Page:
Enthralling carnivores from the very day it opened in 1982, Ben Benson’s has continued to set quite a high standard for Manhattan steakhouses, riding the crest of the steakhouse craze that has to a remarkable extent characterized special-occasion American dining for the last two decades.
Not unlike the restaurant’s eponymous friendly founder and owner, Ben Benson’s is unique. How many New York steakhouses have private rooms, outdoor seating, sumptuous lunches and seasonal menus that offer a full array of seafood and every side dish ever associated with a steakhouse, in addition to serving only beef that is USDA prime dry aged?
It’s a cliché to refer to the “testosterone levels” of a particular steakhouse, but Ben Benson’s is a downright butch hunting lodge of a restaurant. In fact, there are hunting adornments and artifacts throughout the complex space. In prime time, the restaurant is positively teeming, and in fact, the ratio of men to women is about six to one, though the women are clearly pleased by such a change of pace. Plenty of high-profile politicians and celebrities come here, in part because they can blend in with ease. I’ve always particularly admired what can only be called the choreography of the plentiful staff, which whirls around the dining room like serving dervishes. Our goodly avuncular waiter, John, guided us to all the best dishes.
The oysters of the day on Christmas Eve were coppery saline Peconic Bay, and delicate Yaquina, with light banana and iodine notes.
I rarely order shrimp cocktail, as popular as it is, because to me most shrimp are insipidly flavored and overcooked, and when it’s chilled, it stiffens even further. Not at Ben Benson’s! The jumbo shrimp scampi are firm, but not chewy, with plenty of shrimpy flavor.
Similarly, calamari rings are judiciously fried, with a cluster of squid legs parked on top, and served with a warm and damned near perfect marinara sauce.
Crimson filet mignon carpaccio is showered with little hunks of parmigiano-reggiano. The meat is soft and yielding, with more flavor than tenderloin usually has, thanks to that dry aging.
The carpaccio was so good that my partner ordered filet mignon as an entrée, and was presented with a 16-ounce hunk of pan-roasted tenderloin the size of two fists. The accompanying béarnaise sauce had the perfect texture, salty and sassy with just enough tarragon flavor.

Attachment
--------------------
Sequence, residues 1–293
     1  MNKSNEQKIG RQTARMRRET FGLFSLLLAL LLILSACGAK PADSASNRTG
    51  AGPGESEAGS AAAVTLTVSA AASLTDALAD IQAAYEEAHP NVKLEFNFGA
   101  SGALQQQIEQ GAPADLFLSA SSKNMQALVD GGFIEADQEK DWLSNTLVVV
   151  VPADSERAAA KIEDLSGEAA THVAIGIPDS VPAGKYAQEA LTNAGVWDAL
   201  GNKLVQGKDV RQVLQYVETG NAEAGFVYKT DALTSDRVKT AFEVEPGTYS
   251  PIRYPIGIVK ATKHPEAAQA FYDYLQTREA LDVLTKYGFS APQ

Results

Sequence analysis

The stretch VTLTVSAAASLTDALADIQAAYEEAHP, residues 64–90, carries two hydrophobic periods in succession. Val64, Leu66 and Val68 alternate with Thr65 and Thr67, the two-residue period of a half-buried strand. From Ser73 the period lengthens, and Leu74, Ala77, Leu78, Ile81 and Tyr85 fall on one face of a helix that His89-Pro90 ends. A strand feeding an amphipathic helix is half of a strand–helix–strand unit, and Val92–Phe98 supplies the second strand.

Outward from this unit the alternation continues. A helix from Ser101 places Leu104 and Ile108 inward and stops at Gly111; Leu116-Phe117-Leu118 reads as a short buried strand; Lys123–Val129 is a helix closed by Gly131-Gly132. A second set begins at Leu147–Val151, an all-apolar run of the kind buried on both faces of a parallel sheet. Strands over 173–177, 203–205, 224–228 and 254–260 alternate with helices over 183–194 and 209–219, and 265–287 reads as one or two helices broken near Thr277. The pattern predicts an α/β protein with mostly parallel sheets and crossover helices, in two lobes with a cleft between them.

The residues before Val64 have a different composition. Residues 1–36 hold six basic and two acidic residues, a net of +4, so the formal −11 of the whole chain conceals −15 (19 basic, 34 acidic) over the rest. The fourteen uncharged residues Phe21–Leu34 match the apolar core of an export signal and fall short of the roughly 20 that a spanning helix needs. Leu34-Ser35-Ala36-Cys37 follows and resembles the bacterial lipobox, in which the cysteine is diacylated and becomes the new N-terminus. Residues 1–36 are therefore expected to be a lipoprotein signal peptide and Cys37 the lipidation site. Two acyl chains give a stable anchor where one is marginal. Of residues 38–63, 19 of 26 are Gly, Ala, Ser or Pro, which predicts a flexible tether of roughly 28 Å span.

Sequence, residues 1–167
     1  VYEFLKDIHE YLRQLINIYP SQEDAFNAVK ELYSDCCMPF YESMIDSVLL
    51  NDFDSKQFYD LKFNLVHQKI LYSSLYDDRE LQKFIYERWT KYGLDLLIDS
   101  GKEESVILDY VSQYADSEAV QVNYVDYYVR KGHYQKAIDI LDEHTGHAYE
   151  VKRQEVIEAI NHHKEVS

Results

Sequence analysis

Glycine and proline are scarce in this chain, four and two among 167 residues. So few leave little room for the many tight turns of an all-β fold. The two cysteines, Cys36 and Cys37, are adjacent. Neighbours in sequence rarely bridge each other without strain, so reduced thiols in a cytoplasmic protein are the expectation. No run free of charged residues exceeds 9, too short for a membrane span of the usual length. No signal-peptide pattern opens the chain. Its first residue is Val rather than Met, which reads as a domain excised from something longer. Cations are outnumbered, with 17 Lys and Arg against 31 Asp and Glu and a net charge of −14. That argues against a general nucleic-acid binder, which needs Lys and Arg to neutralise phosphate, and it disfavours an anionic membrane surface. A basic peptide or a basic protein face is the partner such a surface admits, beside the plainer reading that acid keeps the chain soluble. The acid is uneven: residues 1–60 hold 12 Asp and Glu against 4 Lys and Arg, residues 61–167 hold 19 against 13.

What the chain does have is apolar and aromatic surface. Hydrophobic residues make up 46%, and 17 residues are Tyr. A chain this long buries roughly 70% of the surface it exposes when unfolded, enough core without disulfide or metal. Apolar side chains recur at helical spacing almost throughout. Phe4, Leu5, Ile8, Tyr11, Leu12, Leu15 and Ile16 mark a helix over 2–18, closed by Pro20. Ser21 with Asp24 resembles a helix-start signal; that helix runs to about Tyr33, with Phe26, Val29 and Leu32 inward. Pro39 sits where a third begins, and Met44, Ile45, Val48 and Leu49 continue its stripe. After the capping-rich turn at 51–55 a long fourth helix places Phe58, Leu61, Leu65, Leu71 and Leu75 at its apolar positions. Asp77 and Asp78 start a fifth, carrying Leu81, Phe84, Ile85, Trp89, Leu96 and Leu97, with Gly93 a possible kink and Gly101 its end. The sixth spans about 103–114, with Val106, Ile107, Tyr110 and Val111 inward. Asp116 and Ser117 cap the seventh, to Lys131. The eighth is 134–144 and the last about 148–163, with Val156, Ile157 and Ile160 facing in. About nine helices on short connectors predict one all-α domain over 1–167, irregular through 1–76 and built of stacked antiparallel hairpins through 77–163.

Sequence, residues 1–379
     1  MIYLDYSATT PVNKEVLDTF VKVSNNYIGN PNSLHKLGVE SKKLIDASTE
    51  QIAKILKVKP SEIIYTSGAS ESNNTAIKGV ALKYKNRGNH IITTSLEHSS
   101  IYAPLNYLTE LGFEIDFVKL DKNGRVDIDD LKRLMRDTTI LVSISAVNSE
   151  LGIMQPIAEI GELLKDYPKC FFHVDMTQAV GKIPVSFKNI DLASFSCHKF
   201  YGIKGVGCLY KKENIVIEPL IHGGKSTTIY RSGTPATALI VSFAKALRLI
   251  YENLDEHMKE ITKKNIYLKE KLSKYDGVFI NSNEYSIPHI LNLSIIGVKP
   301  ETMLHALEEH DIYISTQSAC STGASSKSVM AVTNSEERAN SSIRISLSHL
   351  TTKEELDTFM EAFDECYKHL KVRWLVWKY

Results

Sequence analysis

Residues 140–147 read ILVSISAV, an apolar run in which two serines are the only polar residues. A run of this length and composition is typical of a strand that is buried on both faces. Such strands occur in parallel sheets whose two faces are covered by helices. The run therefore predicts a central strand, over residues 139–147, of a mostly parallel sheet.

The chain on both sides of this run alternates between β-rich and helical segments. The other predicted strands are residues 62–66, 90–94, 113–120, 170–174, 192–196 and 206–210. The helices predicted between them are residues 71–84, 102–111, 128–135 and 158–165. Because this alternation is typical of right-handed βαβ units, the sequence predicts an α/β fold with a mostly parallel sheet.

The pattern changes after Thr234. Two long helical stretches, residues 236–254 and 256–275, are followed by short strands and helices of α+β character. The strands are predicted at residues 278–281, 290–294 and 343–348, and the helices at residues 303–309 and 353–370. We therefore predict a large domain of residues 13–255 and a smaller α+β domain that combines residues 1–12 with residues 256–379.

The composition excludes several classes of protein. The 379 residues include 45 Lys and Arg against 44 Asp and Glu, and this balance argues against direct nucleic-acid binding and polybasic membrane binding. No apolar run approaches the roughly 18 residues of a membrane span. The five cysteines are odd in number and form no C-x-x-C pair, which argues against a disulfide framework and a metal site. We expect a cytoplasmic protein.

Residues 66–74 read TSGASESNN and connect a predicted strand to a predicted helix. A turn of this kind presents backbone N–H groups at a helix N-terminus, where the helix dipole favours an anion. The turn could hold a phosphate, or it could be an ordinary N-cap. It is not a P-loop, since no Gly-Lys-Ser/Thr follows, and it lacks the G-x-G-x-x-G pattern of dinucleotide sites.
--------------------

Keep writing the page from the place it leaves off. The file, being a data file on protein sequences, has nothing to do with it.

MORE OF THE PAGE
The double-cut prime ribs roast is served with two bones still attached to deepen the beefy flavor, and the cut stands a full two inches high. (I brought it home and measured it.) It’s served with a tangy freshly grated horseradish sauce. If you love prime rib as much as I do, put down this paper, call Ben Benson’s and book a table for tonight. Don’t let another day go by without tasting this beef.
We noticed that a hearty couple at the next table ordered a double filet mignon ($89, but hey, it was Christmas Eve), and were obviously startled when it arrived: the cut could feed a ravenous family of six.
Sides are for two (make that six as well). Creamed spinach—a dish I am constitutionally unable to resist—is as good as any creamed spinach on the runway, with plenty of leafy texture, not the usual puree. I was told that Benson himself taste-tests the spinach every single morning before it can be served that day. Of course, French fries are important to have along for the ride. They’re perfectly salted, and keep that ketchup away from them!
A pound-cake sundae is even more decadent than it sounds, with a big chunk of pound cake, eggy vanilla ice cream and sweetened freshly whipped cream, all dribbled with a dark chocolate sauce.
Bread pudding is a 10 x 2 x 2 inch lump of egg-fried bread studded with raisins, with a low pitcher of warm caramel Wild Turkey bourbon sauce—one of the most satisfying desserts I’ve had all year.
As in all the best restaurants, from the moment you enter, you know you can relax completely, because you’re in highly experienced, convivial and professional hands.
123 W. 52nd St.
Between Sixth and
Entrées: $29 to $48.50
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